Use these tips from theater veterans to land the role of a lifetime!
Step 1: Go on a lot of auditions Go on as many casting calls as you can. It's the best way to gain experience and confidence.
TIP: Don't be bashful about re-auditioning for a show that turned you down; people are sometimes hired the second or even third time around.
Step 2: Bring a headshot Bring a professional headshot that looks like you in daily life, as opposed to a glammed-up version. Directors and producers don't like it when actors look nothing like their photo.
Step 3: Don't go in costume Wear clothes that suggest you have an understanding of the show so the director can envision you in the part. But don't show up in full costume.
TIP: If it's exclusively a dance audition, just wear your dance clothes.
Step 4: Pick the right song If you're auditioning for a musical, pick audition songs that reflect the period or genre of the show – not the show itself. You can prepare a few from the actual show, but only sing them if you're asked to. Sing just 32 bars of a song unless otherwise specified.
TIP: Have your sheet music organized for the pianist: Mark where the music should start and end, and put it in the right key.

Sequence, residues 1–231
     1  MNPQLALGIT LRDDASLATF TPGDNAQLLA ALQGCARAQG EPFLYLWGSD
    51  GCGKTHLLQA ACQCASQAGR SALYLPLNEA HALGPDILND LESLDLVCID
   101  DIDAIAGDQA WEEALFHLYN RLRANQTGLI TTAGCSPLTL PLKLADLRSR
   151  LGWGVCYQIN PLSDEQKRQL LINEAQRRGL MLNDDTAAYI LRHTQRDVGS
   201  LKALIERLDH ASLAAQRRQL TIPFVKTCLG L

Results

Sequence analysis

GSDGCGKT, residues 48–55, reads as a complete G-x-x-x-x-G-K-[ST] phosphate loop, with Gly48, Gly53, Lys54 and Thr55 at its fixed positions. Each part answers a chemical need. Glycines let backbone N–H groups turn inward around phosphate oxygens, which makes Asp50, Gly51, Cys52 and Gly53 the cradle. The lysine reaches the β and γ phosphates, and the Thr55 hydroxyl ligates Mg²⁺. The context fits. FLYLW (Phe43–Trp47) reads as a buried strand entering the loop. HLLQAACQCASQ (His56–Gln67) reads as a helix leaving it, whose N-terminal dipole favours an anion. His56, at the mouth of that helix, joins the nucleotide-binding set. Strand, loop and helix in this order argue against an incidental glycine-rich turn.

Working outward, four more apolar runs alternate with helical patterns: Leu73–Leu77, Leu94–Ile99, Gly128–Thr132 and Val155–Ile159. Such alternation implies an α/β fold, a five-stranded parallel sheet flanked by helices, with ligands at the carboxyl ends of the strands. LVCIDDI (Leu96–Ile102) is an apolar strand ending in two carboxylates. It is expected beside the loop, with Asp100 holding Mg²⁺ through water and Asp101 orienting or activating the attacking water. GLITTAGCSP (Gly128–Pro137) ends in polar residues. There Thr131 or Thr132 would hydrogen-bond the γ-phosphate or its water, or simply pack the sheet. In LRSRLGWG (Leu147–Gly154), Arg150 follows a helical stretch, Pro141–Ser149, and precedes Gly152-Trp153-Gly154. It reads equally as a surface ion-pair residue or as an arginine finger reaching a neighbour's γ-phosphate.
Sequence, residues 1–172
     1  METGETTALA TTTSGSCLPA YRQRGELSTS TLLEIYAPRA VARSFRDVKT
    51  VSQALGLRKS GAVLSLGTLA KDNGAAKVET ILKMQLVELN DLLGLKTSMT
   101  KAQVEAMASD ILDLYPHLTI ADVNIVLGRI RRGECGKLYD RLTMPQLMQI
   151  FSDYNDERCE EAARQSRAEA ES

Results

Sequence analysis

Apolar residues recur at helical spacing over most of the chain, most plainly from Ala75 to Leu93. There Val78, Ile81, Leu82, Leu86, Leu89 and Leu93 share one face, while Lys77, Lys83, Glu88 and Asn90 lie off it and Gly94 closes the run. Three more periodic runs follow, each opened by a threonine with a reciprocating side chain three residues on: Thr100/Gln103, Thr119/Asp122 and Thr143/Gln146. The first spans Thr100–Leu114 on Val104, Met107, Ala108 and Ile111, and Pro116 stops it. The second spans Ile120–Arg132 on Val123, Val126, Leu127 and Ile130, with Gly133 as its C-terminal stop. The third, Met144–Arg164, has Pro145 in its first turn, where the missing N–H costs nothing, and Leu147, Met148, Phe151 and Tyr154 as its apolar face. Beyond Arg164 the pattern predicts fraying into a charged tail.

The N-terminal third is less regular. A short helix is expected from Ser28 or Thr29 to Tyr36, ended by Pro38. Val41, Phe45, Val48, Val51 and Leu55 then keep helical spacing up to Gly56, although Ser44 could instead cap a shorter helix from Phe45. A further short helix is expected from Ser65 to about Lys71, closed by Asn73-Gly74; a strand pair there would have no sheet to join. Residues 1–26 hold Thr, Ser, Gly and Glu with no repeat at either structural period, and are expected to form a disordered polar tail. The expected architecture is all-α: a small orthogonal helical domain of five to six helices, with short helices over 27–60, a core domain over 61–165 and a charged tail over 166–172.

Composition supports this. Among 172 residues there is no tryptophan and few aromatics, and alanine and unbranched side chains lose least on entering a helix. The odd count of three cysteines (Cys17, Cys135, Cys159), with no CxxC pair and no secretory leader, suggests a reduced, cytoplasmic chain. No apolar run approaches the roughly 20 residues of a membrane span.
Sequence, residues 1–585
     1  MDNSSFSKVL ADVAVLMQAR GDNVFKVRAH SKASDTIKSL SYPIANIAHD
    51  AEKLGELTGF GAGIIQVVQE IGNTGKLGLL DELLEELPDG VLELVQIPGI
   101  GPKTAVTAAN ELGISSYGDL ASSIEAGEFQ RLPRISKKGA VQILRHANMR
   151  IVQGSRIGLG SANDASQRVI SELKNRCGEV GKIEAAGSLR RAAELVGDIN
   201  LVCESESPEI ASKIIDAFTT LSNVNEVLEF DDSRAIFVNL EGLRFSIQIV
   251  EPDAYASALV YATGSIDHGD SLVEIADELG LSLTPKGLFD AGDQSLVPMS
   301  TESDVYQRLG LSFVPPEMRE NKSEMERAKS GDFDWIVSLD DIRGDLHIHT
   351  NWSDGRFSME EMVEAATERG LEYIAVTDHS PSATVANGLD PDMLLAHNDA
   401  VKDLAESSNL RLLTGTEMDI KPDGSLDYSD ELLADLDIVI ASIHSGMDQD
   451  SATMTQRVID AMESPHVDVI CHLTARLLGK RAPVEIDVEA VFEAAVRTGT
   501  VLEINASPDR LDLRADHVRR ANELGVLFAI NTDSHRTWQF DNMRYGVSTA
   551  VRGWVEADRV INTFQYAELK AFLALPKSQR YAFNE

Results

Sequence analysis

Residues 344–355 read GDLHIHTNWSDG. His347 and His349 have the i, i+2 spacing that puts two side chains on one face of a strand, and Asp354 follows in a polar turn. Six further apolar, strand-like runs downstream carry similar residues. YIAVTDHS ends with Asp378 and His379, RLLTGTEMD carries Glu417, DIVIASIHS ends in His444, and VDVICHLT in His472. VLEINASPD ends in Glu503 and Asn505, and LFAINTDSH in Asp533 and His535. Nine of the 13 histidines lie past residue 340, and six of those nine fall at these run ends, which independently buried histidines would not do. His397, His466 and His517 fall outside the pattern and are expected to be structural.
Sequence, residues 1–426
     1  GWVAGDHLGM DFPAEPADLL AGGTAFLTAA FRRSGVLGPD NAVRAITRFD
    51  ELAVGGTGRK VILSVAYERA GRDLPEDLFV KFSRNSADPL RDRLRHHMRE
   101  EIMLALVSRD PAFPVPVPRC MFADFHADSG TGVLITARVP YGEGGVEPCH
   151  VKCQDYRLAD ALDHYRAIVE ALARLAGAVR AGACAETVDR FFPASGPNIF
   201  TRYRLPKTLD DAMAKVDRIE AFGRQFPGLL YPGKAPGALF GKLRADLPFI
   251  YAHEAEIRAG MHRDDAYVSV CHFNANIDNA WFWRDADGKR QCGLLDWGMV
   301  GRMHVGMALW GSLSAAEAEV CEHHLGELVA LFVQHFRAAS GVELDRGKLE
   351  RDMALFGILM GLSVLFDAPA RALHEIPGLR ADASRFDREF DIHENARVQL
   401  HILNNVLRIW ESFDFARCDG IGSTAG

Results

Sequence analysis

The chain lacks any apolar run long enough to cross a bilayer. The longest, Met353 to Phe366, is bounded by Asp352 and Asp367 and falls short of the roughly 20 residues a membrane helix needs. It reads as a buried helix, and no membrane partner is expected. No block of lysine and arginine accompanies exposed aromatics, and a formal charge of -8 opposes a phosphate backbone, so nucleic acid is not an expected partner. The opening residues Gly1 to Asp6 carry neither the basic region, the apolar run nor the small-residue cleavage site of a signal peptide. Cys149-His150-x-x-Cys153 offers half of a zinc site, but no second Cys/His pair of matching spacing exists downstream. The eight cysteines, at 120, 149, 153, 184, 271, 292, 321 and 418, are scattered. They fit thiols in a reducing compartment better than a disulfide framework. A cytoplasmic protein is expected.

Step 5: Rehearse your scene If you're auditioning for a drama, rehearse the "sides" – a few pages from the script that you are provided with in advance of the audition. Bring the pages to the auditioning venue; it's common to hold them while you perform.
Step 6: Jump right in At the audition, greet the people judging you and then begin your performance; don't ask them for direction. If you make a mistake, keep going, or ask if you may start again. No one is looking for or expecting perfection.
Step 7: Go with the flow If the director asks you to try something different, do it without argument, no matter how terrified or ill-equipped you feel. They are checking to see how well you take direction and how easily you go with the flow.
Step 8: Act confident Exude confidence, or at least fake it. After all, you're an actor!
FACT: Actor Ben Vereen was so impressive at his audition for the play Pippin that the director changed the age of a character to give him the part.